MONTREAL — Hydroxychloroquine is not effective in preventing the development of COVID-19 in people exposed to the novel coronavirus, a new study involving Canadian researchers concludes.
The results are published today in the New England Journal of Medicine.
The clinical trial was led in Canada by Dr. Todd Lee and Dr. Emily McDonald of the Research Institute of the McGill University Health Centre, in conjunction with partners at the University of Manitoba and University of Alberta.
The Canadian research is co-ordinated with a large study by Dr. David Boulware at the University of Minnesota.
It is the first double-blind, randomized, placebo-controlled trial to be completed assessing the effectiveness of the malaria drug hydroxychloroquine in preventing COVID-19.
"We conducted an international, randomized controlled trial to look at whether the use of hydroxychloroquine in patients who'd had a high-risk exposure to COVID-19 would prevent the development of symptomatic disease compared to placebo," Lee said in an interview.
Participants were recruited from Quebec, Manitoba, Alberta and across the United States. In total, the study involved 821 asymptomatic adults who had been exposed at home or in the health-care setting to someone with COVID-19.
Among them, 719 participants reported a high-risk exposure to a confirmed case of COVID-19 — being within two metres of the person for more than 10 minutes — without adequate personal protective equipment.
Most of these people were healthy young adults living in the community, with an average age of 40.
Within four days of exposure, participants received the placebo or hydroxychloroquine by mail, to be taken for a period of five days, beginning with a higher dose on the first day. Researchers and participants were not told which treatment was being administered.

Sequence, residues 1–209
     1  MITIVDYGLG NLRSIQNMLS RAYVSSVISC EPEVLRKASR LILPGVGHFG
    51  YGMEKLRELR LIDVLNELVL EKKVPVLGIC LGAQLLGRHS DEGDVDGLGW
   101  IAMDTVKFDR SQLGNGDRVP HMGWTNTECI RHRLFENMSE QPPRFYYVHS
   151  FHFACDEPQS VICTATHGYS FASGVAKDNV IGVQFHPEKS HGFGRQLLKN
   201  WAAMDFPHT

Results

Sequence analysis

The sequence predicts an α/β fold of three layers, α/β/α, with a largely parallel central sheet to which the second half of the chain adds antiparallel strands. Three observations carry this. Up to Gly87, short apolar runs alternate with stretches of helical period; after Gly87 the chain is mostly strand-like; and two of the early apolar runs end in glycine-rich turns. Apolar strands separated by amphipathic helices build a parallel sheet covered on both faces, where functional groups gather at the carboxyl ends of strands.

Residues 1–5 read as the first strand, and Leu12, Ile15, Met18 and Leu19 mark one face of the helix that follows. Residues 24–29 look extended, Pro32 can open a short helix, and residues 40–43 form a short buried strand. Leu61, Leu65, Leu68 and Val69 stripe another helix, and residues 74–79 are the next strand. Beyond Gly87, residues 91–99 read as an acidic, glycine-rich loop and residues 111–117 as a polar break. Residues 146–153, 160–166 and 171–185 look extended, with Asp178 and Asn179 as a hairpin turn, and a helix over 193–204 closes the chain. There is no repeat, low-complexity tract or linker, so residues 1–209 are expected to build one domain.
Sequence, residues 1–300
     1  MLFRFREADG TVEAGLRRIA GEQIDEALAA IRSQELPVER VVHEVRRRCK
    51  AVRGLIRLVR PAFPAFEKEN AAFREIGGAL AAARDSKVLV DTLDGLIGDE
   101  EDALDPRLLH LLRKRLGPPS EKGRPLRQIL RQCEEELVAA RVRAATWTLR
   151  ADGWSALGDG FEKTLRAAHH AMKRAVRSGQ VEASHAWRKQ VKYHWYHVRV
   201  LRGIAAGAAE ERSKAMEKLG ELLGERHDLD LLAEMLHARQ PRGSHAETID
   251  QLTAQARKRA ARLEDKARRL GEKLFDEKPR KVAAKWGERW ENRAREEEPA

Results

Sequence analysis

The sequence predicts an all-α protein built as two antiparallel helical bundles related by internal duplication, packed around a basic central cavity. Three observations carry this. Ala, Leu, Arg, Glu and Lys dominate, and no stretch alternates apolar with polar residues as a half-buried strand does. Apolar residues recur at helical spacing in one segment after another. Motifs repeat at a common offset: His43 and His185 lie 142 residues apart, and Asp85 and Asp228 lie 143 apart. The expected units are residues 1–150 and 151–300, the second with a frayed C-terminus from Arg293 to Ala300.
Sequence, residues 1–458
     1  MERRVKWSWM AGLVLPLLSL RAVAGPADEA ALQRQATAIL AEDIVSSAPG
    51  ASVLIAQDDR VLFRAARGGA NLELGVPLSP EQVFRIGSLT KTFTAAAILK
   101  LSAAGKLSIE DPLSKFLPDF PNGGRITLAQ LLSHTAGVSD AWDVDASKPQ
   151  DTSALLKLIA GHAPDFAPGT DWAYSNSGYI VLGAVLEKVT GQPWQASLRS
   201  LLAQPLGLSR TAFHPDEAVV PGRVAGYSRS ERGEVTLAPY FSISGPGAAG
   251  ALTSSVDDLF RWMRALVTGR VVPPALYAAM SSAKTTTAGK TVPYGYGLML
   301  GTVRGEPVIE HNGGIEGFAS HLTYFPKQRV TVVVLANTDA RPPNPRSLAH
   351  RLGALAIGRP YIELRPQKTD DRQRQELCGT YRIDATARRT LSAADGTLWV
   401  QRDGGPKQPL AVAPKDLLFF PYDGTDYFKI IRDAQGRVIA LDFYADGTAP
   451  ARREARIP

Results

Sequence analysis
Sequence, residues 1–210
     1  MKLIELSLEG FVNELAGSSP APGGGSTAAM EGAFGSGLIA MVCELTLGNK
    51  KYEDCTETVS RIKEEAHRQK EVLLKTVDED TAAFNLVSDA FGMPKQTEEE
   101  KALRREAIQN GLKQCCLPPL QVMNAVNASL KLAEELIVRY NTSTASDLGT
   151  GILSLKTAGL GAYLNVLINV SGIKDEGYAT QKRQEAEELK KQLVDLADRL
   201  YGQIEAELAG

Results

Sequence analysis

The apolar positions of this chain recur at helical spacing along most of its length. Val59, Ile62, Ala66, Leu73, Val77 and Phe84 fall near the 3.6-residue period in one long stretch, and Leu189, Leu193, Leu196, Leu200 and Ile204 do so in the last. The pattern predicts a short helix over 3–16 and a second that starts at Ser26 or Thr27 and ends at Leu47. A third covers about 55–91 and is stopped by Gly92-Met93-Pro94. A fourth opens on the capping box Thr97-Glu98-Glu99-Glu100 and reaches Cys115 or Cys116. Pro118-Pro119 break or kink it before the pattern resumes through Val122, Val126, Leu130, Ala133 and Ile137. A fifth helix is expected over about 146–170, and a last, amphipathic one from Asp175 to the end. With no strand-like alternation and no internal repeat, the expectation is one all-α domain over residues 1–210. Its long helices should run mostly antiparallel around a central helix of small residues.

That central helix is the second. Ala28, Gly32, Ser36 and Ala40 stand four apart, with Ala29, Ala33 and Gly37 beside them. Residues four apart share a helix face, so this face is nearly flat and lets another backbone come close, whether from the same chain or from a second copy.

"The approach was if we could load the patient with hydroxychloroquine in the tissues before the incubation period was over, then maybe we could prevent those people who've been exposed from getting sick," Lee said.
"There was some observational, anecdotal stories suggesting that this was going to be effective, and the purpose of the randomized controlled trial was to demonstrate whether that was true or not true."
Out of 821 participants, 107 developed COVID-19 — confirmed either by a test or by compatible symptoms — during the 14 days of followup.
Among those who received hydroxychloroquine, 49 developed the disease or symptoms like fever and cough, compared to 58 in the group who received the placebo, meaning that statistically, the drug was no more effective than the placebo.
"We found that there was no statistical difference between patients who got the placebo — which was a vitamin pill — versus those who received the active drug hydroxychloroquine," Lee said.
Two patients were hospitalized, one from each group, but no one has died.
Side effects from the medication, such as nausea and abdominal discomfort, were more common in patients taking hydroxychloroquine than in those receiving placebo.
Hydroxychloroquine is still being studied around the world, including whether it could reduce the risk of infection during exposure or lower the risk of hospitalization in infected patients. U.S. President Donald Trump has said he is taking hydroxychloroquine even though he has not tested positive for the coronavirus.
At the McGill University Health Centre, a trial looking at early treatment in the community is underway.
"I would have loved to have a positive study, but in circumstances like this you need the negative studies too so you can redirect attention," Lee said.
This report by The Canadian Press was first published June 3, 2020.
Jean-Benoit Legault, The Canadian Press